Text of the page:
The creaking floorboards and the rustle of paper in the attic seemed to carry the echoes of past writers. Standing at this creative crossroads, the writer felt a connection to those who came before, realizing the weight of contributing to an ongoing narrative.
Outside the window, the moon's glow illuminated the world. The flickering bulb, the typewriter's keys, the handwritten note, and the electronic tablet were silent witnesses to the writer's inner conflict, frozen in a moment suspended between tradition and change.
In this evolving scene, the focus shifted from the writer's identity to the practical tools. The room, filled with evidence of creative evolution, held an air of anticipation. With each keystroke, pen scratch, and tablet interaction, the writer moved toward a decision – an acknowledgment that creativity now unfolded at the intersection of tradition and progress.
Everything begins in mysticism and ends in politics.
— Charles Péguy (1873-1914)
The distant voice echoed in the space, a reminder of the inevitable shift from creative mystique to societal pragmatism.
Amid the ongoing symphony of typewriter keys, pen scratches, and electronic hum, the writer grappled with the practical tools on the desk. The creaking floorboards seemed to mark the evolution from the abstract realms of creativity to the pragmatic considerations of societal constructs.
In the face of this evolution, the writer clung to the rebellious nature of creation. Whether through the clatter of the typewriter, the strokes of the pen, or the digital interface of the tablet, the act of writing remained a rebellion against societal expectations. It was a commitment to the untamed spirit within, a refusal to conform to pragmatic norms.
The moon's glow continued outside the attic window, indifferent to the writer's internal conflict. The flickering bulb, typewriter keys, handwritten notes, and electronic tablet stood as silent witnesses to the clash between the artist's rebellious instinct and societal pragmatism.
In this decisive moment, the writer's fingers hovered above the tools, carrying the weight of creative responsibility. Now a battleground of tradition, innovation, and societal pragmatism, the room held its breath as the writer hesitated on the edge of a decision. Each keystroke, pen scratch, and interaction with the tablet became a declaration of defiance against the inevitable transformation—a testament to the enduring spirit of creation in the face of encroaching pragmatism.
Poetry, even when apparently most fantastic, is always a revolt against artifice, a revolt, in a sense, against actuality.
— James Joyce (1882-1941)
In the quiet attic, the rhythmic click of keys on the typewriter and the deliberate pen stroke marked the act of creation. It was a rebellion against artificial constraints, a pushback against the stifling norms of convention. The room seemed to absorb each sound, becoming a living testament to the unyielding spirit of creation that echoed in the solitude.
Amidst this creative process, a cautionary note lingered like a subtle undercurrent. It served as a reminder against expecting too much. It was a pragmatic whisper, cautioning the writer to be wary of harbouring overly sentimental views of life. The words hung there, a subtle restraint on the ambitious dreams that could lead to a softness ending in bitterness.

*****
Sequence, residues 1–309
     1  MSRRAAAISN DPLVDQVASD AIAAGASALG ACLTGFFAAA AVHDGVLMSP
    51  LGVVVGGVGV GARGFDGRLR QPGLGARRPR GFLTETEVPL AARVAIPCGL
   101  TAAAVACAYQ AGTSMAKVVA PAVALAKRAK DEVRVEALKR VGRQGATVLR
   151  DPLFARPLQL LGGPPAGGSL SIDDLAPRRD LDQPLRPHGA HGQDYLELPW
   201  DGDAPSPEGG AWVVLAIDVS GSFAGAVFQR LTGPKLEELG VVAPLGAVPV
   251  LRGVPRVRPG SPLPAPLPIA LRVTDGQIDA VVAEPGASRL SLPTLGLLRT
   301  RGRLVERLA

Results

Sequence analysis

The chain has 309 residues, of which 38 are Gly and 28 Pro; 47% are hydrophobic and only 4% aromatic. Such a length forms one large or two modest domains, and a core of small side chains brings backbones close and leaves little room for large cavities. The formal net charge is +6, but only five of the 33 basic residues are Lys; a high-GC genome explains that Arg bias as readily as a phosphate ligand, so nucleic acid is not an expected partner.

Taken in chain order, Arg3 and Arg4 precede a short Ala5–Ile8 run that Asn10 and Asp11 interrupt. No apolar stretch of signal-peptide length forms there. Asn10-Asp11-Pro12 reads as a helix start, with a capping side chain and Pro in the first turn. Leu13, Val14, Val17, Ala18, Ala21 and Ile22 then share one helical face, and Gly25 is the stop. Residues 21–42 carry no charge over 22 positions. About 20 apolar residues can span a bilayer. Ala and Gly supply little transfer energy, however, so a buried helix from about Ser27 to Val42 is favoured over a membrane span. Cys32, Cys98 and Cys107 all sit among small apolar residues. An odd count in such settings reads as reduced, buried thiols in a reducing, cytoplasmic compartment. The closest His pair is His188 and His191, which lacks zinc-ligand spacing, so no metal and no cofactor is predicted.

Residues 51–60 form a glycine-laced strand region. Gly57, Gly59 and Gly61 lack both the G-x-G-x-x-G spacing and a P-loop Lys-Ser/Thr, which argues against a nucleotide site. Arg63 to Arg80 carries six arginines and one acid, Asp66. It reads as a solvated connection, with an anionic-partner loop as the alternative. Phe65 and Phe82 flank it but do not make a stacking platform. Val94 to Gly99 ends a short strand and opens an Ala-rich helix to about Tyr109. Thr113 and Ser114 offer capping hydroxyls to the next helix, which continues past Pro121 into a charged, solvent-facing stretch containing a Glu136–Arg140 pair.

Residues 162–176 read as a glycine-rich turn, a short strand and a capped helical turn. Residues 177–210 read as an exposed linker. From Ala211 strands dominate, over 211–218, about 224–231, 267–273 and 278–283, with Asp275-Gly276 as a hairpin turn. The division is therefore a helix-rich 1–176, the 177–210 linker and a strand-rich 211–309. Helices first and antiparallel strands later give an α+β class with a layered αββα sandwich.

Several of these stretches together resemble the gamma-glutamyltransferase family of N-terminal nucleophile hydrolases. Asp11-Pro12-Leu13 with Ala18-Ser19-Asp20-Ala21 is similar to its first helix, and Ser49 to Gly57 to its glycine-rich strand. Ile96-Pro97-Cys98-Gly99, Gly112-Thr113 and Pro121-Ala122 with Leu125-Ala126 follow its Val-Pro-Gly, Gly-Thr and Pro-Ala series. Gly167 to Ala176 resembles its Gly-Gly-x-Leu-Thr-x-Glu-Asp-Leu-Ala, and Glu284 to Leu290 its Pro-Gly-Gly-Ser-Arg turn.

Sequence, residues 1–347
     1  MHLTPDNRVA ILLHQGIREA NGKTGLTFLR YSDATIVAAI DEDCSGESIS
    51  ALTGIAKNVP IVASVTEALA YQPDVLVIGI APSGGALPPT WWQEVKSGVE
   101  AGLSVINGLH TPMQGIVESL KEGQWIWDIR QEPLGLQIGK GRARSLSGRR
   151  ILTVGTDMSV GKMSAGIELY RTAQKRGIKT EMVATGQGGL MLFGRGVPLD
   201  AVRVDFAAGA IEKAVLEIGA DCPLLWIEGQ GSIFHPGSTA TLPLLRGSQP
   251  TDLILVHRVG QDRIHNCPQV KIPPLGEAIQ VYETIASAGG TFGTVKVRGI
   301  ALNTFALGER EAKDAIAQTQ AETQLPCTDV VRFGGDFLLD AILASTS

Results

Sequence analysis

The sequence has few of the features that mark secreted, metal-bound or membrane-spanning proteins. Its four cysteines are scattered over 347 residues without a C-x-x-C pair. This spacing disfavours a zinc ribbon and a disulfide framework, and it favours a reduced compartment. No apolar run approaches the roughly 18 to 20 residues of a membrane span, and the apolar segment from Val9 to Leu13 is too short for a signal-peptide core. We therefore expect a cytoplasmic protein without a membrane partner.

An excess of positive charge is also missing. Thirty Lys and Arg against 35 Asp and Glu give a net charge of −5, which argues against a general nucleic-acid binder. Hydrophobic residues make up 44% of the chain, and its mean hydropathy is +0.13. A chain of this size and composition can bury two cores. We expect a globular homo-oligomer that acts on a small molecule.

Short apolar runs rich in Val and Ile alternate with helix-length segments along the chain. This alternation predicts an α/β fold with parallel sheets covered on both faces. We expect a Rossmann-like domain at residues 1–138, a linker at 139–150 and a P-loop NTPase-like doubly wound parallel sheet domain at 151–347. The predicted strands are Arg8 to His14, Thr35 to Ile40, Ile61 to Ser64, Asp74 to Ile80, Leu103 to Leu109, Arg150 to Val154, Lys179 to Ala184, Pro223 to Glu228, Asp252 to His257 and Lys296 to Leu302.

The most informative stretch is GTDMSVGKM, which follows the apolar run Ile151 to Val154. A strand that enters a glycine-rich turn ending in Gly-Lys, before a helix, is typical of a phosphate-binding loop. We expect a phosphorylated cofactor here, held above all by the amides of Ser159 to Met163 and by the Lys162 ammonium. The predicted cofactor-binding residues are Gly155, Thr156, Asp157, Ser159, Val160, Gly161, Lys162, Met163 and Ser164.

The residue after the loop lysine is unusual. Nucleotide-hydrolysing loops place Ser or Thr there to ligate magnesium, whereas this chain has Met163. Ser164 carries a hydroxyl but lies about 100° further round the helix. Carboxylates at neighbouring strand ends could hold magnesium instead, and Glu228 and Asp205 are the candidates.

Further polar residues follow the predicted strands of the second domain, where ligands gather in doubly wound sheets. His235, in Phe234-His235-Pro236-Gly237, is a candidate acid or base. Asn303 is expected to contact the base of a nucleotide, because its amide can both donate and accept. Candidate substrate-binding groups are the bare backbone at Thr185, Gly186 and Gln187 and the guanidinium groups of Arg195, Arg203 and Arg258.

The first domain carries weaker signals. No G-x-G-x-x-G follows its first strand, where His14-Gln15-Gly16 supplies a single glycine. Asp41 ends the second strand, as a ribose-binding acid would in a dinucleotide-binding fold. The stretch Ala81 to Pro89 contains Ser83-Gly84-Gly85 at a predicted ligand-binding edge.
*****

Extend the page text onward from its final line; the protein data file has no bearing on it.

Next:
The typewriter, the handwritten note, and the electronic tablet became vessels for this nuanced interplay between rebellion and caution. The attic, bathed in the quiet glow of a flickering bulb, witnessed the delicate dance of creativity and realism.
Outside the attic window, the moon cast a gentle light on the surroundings. The night was serene, seemingly indifferent to the internal conflict of the writer. With its typewriter keys clicking, pen scratching on paper, and the occasional hum of the electronic tablet, the room held an air of introspection.
In this charged atmosphere, the writer's contemplation deepened. The tools on the desk became conduits for the expression of an untamed spirit, yet each stroke carried the weight of a cautionary reminder. Fingers poised above the tools, the writer navigated the creative journey, mindful of the balance between ambition and grounded expectations. Each sound in the attic, from the click of keys to the soft rustle of paper, contributed to the evolving narrative, a quiet rebellion against artificial constraints tempered by the caution against expecting too much.
To expect too much is to have a sentimental view of life, and this is a softness that ends in bitterness.
— Flannery O'Connor (1925-1964)
The typewriter, handwritten note, and electronic tablet now carried the weight of this caution. Each keystroke and pen scratch held a deeper significance, aware of the delicate balance between aspiration and acceptance.
Outside the window, the moon's glow remained unaffected. With its flickering bulb, typewriter keys, handwritten notes, and electronic tablet, the room stood as silent witnesses to the writer's internal struggle. In this charged atmosphere, the writer, fingers poised above the tools, navigated the narrow path between creative rebellion and the sobering acknowledgment of life's complexities.